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1.  A method for selecting cis-acting regulatory sequences that respond to small molecule effectors 
BMC Molecular Biology  2010;11:56.
Background
Several cis-acting regulatory sequences functioning at the level of mRNA or nascent peptide and specifically influencing transcription or translation have been described. These regulatory elements often respond to specific chemicals.
Results
We have developed a method that allows us to select cis-acting regulatory sequences that respond to diverse chemicals. The method is based on the β-lactamase gene containing a random sequence inserted into the beginning of the ORF. Several rounds of selection are used to isolate sequences that suppress β-lactamase expression in response to the compound under study. We have isolated sequences that respond to erythromycin, troleandomycin, chloramphenicol, meta-toluate and homoserine lactone. By introducing synonymous and non-synonymous mutations we have shown that at least in the case of erythromycin the sequences act at the peptide level. We have also tested the cross-activities of the constructs and found that in most cases the sequences respond most strongly to the compound on which they were isolated.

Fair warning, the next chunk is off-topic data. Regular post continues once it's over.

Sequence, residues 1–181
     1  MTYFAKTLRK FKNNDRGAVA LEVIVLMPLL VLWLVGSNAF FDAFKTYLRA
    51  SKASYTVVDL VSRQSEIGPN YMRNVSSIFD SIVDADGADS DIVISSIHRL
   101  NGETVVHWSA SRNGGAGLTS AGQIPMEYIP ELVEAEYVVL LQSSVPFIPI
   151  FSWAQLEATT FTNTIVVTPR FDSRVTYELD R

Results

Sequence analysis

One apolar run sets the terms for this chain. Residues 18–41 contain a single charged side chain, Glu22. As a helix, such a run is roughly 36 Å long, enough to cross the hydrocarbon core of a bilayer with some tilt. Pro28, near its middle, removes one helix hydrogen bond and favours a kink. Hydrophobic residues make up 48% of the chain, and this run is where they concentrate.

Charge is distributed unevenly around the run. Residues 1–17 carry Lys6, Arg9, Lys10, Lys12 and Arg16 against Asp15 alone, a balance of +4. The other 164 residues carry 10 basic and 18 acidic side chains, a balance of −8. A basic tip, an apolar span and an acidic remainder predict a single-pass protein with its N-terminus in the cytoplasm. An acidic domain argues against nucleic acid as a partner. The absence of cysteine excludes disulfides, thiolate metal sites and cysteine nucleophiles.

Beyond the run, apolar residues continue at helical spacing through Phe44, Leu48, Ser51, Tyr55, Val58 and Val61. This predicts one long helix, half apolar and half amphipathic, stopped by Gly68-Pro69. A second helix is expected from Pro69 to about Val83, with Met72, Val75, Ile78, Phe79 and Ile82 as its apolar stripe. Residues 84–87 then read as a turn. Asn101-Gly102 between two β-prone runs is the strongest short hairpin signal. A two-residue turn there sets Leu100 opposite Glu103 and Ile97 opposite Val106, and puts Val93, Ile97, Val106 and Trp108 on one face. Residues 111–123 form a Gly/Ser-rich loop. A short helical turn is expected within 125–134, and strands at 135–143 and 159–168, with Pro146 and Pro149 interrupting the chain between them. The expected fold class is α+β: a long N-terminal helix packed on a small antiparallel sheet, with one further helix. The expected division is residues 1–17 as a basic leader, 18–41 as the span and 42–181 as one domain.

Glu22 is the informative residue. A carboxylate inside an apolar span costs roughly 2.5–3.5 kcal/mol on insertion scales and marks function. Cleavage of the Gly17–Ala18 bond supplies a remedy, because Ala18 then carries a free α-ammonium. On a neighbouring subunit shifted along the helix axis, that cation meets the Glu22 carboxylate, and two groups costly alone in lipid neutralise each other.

Conclusions
Several selected peptides showed ligand-specific changes in amino acid frequencies, but no consensus motif could be identified. This is consistent with previous observations on natural cis-acting peptides, showing that it is often impossible to demonstrate a consensus. Applying the currently developed method on a larger scale, by selecting and comparing an extended set of sequences, might allow the sequence rules underlying the activity of cis-acting regulatory peptides to be identified.
doi:10.1186/1471-2199-11-56
PMCID: PMC2928234  PMID: 20698993
2.  Functional interaction between RNase III and the Escherichia coli ribosome 
Background
RNase III is a dsRNA specific endoribonuclease which is involved in the primary processing of rRNA and several mRNA species in bacteria. Both primary structural elements and the secondary structure of the substrate RNA play a role in cleavage specificity.
Results
We have analyzed RNase III cleavage sites around both ends of pre-23 S rRNA in the ribosome and in the protein-free pre-rRNA. It was found that in the protein-free pre-23 S rRNA the main cleavage site is at position (-7) in respect of the mature 5' end. When pre-23 S rRNA was in 70 S ribosomes or in 50 S subunits, the RNase III cleavage occurred at position (-3). We have demonstrated that RNase III interacts with both ribosomal subunits and with even higher affinity with 70 S ribosomes. Association of RNase III with 70 S ribosomes cannot be dissociated by poly(U) RNA indicating that the binding is specific.
Conclusions
In addition to the primary and secondary structural elements in RNA, protein binding to substrate RNA can be a determinant of the RNase III cleavage site.
doi:10.1186/1471-2199-4-8
PMCID: PMC165447  PMID: 12814522

Results 1-2 (2)